“Do you have someone who can stay with you tonight?” Suzanne asked, praying the answer was yes. She had a house to move out of. Christ, she felt so cold-blooded, but she was on a goddamned schedule.

“Yes, I guess.” Fiona scrubbed at her eyes with her fists. “Sure.”

Suzanne sighed. The lie was plain. “Who?”

Fiona stood up and smoothed out her skirt. “I’m sorry,” she said, and started for the door.

Groaning inwardly, Suzanne blocked her. “You’ll stay on the sofa,” she said. “You’re not driving in this state. I’ll order in pizza. Pepperoni mushroom OK?”

Looking defeated, Fiona turned on her heel and went back to the sofa.

Over pizza, Suzanne pulled a few details out of her. Tom had fallen into a funk when the layoffs had started in his office—they were endemic across the Valley, another bust was upon them. His behavior had grown worse and worse, and she’d finally left, or been thrown out, it wasn’t clear. She was on thin ice at Google, and they were laying people off too, and she was convinced that being led out in handcuffs would be the straw that broke the camel’s back.

“I should move back to Oregon,” she said, dropping her slice back on the box-top.

Suzanne had heard a lot of people talk about giving up on the Valley since she’d moved there. It was a common thing, being beaten down by life in the Bay Area. You were supposed to insert a pep talk here, something about hanging in, about the opportunities here.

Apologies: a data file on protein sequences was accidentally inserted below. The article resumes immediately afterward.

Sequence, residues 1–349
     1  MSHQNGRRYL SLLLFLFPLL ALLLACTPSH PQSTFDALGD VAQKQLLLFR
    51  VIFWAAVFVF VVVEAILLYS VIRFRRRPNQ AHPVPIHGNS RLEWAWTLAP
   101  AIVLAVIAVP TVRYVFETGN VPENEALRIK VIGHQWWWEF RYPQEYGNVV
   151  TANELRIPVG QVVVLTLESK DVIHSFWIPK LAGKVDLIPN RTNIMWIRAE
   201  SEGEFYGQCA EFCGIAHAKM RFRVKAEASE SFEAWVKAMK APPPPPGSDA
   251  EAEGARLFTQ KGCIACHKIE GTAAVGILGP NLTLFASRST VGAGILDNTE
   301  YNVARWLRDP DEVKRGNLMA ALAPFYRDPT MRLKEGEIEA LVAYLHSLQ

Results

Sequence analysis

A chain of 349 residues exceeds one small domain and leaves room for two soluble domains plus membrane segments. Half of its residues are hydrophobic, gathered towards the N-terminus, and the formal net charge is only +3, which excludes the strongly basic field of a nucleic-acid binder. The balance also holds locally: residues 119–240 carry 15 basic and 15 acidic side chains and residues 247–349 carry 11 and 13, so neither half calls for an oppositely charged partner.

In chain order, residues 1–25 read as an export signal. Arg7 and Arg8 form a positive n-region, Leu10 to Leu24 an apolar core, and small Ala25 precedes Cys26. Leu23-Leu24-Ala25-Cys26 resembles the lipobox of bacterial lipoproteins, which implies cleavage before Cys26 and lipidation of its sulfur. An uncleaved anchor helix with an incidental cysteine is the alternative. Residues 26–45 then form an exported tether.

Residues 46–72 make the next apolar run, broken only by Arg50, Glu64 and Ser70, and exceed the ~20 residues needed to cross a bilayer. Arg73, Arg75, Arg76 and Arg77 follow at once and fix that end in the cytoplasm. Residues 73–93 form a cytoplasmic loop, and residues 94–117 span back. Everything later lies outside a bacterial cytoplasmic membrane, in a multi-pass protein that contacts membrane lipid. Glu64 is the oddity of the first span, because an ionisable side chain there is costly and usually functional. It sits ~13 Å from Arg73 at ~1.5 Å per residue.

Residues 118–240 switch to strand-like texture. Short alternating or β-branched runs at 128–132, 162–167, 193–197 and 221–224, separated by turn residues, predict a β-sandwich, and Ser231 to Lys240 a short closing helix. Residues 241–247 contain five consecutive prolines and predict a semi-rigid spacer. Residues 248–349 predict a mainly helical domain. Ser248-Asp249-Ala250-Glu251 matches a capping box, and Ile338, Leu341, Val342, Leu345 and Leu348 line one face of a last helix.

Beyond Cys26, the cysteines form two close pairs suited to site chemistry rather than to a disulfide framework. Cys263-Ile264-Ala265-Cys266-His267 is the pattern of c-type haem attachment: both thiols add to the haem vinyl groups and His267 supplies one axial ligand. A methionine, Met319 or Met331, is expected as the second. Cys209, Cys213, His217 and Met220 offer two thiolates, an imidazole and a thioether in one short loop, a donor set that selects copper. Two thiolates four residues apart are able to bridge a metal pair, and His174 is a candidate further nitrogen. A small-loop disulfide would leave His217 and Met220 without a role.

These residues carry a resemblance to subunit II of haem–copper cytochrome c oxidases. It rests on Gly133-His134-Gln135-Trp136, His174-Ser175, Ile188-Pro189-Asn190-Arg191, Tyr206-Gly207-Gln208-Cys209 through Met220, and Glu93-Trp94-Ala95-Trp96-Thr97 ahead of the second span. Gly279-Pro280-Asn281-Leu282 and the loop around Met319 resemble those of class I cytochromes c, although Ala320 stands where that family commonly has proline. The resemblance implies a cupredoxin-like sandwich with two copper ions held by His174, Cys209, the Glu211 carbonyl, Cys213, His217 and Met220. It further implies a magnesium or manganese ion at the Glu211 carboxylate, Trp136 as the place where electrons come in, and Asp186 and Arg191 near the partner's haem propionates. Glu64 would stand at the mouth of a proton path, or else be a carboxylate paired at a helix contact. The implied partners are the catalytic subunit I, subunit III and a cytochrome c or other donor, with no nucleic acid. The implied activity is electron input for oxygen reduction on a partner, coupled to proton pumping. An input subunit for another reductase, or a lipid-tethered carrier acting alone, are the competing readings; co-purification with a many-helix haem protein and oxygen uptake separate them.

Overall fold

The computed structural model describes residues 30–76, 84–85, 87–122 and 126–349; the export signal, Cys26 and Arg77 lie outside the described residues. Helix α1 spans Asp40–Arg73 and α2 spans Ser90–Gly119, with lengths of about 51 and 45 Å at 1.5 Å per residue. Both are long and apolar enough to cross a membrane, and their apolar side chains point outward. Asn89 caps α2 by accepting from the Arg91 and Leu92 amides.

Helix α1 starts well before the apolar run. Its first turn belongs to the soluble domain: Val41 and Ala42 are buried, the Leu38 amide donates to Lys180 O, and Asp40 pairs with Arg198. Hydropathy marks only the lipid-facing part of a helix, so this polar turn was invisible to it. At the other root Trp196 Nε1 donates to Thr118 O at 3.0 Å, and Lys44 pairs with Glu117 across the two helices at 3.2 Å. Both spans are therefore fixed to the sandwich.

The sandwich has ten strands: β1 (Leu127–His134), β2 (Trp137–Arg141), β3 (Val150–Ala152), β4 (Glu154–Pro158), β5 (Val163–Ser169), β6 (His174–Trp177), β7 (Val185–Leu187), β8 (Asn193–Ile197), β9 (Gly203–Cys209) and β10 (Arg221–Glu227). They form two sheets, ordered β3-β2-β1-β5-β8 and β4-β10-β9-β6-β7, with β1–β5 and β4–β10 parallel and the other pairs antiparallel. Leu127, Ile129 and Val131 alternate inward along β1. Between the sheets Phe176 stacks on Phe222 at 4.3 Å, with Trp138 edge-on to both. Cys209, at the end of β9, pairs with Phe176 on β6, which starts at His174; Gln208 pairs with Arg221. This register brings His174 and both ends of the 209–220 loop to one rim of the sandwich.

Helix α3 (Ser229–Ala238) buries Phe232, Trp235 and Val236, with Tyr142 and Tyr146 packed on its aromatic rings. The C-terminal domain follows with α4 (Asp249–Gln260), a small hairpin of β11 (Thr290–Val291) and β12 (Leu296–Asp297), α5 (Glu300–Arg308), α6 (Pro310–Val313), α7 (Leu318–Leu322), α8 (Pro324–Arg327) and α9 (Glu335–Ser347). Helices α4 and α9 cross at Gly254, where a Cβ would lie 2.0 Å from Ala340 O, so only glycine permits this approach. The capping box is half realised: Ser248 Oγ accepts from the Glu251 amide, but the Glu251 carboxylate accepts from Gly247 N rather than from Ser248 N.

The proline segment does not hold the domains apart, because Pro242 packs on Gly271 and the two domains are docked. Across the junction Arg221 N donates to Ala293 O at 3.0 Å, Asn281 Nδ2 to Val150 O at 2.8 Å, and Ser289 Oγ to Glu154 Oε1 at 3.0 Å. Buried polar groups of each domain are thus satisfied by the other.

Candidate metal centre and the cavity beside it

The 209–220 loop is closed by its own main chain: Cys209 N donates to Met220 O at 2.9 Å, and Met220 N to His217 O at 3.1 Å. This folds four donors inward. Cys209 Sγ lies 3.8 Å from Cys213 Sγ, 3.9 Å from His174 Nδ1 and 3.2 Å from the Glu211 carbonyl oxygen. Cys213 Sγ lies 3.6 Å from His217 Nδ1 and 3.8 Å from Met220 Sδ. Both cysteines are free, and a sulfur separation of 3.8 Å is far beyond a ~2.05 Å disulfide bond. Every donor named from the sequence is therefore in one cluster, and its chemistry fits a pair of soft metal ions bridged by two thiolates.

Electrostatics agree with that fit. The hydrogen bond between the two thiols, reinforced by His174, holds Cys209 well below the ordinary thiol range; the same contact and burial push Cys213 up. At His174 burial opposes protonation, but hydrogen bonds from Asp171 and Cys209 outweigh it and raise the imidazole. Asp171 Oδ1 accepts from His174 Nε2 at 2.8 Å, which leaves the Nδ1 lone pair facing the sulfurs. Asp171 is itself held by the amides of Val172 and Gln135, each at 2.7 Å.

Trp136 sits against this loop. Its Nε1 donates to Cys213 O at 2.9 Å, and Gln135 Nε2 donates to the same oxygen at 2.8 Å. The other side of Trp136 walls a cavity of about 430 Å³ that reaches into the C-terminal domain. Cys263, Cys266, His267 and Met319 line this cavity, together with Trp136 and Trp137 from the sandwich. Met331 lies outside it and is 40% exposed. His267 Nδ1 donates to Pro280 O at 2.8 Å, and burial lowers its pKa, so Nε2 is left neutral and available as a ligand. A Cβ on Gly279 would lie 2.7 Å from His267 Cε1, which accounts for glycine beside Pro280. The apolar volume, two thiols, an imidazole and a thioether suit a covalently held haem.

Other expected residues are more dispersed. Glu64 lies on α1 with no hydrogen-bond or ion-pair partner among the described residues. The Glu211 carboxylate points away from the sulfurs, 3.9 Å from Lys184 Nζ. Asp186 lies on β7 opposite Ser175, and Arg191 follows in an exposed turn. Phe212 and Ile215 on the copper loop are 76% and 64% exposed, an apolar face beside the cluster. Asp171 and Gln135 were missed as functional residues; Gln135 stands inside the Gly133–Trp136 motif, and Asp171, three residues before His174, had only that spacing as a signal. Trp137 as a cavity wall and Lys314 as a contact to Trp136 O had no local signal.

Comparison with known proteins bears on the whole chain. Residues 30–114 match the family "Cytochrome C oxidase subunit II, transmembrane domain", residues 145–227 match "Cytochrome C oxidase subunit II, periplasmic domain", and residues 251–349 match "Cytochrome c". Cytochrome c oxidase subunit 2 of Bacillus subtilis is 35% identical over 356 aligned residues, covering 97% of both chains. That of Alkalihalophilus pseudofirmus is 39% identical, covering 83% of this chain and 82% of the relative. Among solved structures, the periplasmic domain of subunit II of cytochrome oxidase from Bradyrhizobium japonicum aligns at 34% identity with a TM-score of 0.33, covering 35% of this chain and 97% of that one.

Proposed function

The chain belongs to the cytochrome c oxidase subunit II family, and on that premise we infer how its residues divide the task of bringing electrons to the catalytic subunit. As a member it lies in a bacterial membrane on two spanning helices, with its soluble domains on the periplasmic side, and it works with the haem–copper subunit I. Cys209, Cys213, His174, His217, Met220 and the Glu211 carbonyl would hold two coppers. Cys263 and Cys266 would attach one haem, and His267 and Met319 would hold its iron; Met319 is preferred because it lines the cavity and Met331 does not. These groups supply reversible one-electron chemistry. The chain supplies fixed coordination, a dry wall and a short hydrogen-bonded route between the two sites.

“Yes,” she said, “that’s a good idea. You’re young, and there’s a life for you there. You can start something up, or go to work for someone else’s startup.” It felt weird coming out of her mouth, like a betrayal of the Valley, of some tribal loyalty to this tech-Mecca. But after all, wasn’t she selling up and moving east?

“There’s nothing in Oregon,” Fiona said, snuffling.

“There’s something everywhere. Let me tell you about some friends of mine in Florida,” and she told her, and as she told her, she told herself. Hearing it spoken aloud, even after having written about it and written about it, and been there and DONE it, it was different. She came to understand how fucking cool it all was, this new, entrepreneurial, inventive, amazing thing she was engaged in. She’d loved the contrast of nimble software companies when compared with gigantic, brutal auto companies, but what her boys were doing, it made the software companies look like lumbering lummoxes, crashing around with their fifty employees and their big purpose-built offices.

Fiona was disbelieving, then interested, then excited. “They just make this stuff, do it, then make something else?”

“Exactly—no permanence except for the team, and they support each other, live and work together. You’d think that because they live and work together that they don’t have any balance, but it’s the opposite: they book off work at four or sometimes earlier, go to movies, go out and have fun, read books, play catch. It’s amazing. I’m never coming back here.”

And she never would.

She told her editor about this. She told her friends who came to a send-off party at a bar she used to go to when she went into the office a lot. She told her cab driver who picked her up to take her to the airport and she told the bemused engineer who sat next to her all the way back to Miami. She had the presence of mind not to tell the couple who bought her house for a sum of money that seemed to have at least one extra zero at the end—maybe two.